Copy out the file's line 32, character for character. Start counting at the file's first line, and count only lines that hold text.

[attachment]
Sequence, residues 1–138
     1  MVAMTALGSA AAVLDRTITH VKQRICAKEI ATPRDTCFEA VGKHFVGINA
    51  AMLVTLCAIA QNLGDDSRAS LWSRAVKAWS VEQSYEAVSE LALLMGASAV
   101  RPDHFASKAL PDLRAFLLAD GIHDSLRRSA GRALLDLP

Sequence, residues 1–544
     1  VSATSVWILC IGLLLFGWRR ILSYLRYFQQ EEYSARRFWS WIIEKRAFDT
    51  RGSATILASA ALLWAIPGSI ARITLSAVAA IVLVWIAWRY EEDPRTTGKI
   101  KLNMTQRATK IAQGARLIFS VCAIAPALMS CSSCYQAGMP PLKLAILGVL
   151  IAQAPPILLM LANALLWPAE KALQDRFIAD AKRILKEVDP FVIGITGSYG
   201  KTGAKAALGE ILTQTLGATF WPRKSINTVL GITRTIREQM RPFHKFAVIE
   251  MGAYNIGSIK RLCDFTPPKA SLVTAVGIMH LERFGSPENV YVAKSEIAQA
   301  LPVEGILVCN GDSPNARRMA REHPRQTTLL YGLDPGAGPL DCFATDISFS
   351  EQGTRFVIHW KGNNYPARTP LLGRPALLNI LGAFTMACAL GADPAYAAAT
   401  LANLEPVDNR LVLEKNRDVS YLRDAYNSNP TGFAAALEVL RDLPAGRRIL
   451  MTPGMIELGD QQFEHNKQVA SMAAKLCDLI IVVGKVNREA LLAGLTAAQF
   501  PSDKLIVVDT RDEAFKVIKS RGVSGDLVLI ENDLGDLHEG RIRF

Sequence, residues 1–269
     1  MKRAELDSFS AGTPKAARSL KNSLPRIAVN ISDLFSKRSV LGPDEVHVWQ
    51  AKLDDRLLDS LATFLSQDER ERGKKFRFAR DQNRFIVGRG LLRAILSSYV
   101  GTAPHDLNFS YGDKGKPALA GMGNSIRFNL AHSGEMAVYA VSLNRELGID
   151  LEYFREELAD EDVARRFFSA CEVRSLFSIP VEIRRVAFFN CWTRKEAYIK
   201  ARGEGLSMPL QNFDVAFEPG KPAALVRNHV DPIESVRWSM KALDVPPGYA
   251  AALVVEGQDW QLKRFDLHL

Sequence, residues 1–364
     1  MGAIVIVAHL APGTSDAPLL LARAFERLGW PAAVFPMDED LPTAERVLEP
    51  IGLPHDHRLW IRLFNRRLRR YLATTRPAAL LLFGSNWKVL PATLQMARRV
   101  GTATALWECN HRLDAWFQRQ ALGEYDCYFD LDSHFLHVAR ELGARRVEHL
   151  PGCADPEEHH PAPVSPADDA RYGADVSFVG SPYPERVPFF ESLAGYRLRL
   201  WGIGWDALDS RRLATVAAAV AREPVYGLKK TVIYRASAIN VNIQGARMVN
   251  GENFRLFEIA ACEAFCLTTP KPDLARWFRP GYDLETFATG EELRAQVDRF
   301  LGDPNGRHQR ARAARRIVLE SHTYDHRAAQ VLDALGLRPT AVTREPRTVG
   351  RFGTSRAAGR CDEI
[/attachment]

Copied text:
   351  RFGTSRAAGR CDEI